Similarities and Differences between the Multi-Step and Simple Income Statement Format

A multi-step income statement is more detailed than a simple income statement. Because of the additional detail, it is the option selected by many companies whose operations are more complex. Each revenue and expense account is listed individually under the appropriate category on the statement. The multi-step statement separates cost of goods sold from operating expenses and deducts cost of goods sold from net sales to obtain a gross margin.

Operating expenses are daily operational costs not associated with the direct selling of products or services. Operating expenses are broken down into selling expenses (such as advertising and marketing expenses) and general and administrative expenses (such as office supplies expense, and depreciation of office equipment). Deducting the operating expenses from gross margin produces income from operations.

Following income from operations are other revenue and expenses not obtained from selling goods or services or other daily operations. Other revenue and expenses examples include interest revenue, gains or losses on sales of assets (buildings, equipment, and machinery), and interest expense. Other revenue and expenses added to (or deducted from) income from operations produces net income (loss).

A simple income statement is less detailed than the multi-step format. A simple income statement combines all revenues into one category, followed by all expenses, to produce net income. There are very few individual accounts and the statement does not consider cost of sales separate from operating expenses.

Demonstration of the Multi-Step Income Statement Format

To demonstrate the use of the multi-step income statement format, let’s continue to discuss California Business Solutions (CBS). The following is select account data from the adjusted trial balance for the year ended, December 31, 2018. We will use this information to create a multi-step income statement. Note that the statements prepared are using a perpetual inventory system.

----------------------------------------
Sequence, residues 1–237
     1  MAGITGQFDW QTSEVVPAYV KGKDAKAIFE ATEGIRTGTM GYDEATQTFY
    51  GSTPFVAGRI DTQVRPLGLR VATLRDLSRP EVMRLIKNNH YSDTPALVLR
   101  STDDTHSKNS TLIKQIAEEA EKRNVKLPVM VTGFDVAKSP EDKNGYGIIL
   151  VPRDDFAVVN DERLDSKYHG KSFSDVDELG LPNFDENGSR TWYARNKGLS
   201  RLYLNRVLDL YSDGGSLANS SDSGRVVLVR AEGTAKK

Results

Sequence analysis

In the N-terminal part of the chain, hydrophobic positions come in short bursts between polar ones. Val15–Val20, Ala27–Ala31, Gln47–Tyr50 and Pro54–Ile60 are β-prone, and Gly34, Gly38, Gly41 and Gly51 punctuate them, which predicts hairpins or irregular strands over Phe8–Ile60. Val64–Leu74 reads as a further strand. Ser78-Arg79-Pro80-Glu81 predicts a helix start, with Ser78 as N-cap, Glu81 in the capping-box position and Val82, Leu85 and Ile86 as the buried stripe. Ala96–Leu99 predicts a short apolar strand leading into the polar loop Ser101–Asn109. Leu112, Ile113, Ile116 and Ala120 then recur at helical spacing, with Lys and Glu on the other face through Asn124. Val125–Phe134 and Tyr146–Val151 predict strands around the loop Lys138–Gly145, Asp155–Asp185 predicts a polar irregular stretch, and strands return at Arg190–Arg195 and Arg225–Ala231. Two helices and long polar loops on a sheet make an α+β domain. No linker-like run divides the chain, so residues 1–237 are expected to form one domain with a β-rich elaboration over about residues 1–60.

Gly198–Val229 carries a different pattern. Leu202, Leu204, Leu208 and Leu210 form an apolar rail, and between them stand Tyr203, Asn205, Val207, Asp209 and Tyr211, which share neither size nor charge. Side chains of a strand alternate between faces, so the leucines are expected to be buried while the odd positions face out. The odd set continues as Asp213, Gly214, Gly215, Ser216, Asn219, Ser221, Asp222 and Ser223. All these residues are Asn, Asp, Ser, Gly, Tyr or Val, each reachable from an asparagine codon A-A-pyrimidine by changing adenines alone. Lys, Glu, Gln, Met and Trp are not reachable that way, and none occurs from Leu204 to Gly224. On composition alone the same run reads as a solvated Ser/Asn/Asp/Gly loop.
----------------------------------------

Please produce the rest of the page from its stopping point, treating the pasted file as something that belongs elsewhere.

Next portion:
A Trial Balance for California Business Solutions for the year ended December 31, 2018. Accounts, with either Debits or Credits, showing Sales: $300,000 credit; Sales Discounts: $2,000 debit; Sales Returns and Allowances: $4,500 debit; Interest Revenue: $5,650 credit; Cost of Goods Sold: $180,000 debit; Interest Expense: $8,400 debit; Advertising Expense: $6,250 debit; Sales Salaries Expense: $40,000 debit; Depreciation Expense-Office Equipment: $4,700 debit; Office Supplies Expense: $1,200 debit; and Insurance Expense: $6,900 debit.

The following is the multi-step income statement for CBS.

A Multi-Step Income Statement for California Business Solutions for the year ended December 31, 2018. Sales of $300,000 less Sales Discounts of $2,000 and Sales Returns and Allowance of $4,500 equals Net sales of $293,500 minus Cost of Goods Sold equals Gross Margin of $113,500 minus Operating Expenses, which include Selling Expenses of Advertising Expense ($6,250) and Sales Salaries Expense ($40,000); General and Administrative Expenses, which include Depreciation Expense: Office Equipment ($4,700), Office Supplies Expense ($1,200), and Insurance Expense ($6,900) equals Income from Operations of $54,450 plus Interest Revenue of $5,650 minus Interest Expense of $8,400 equals Net Income of $51,700.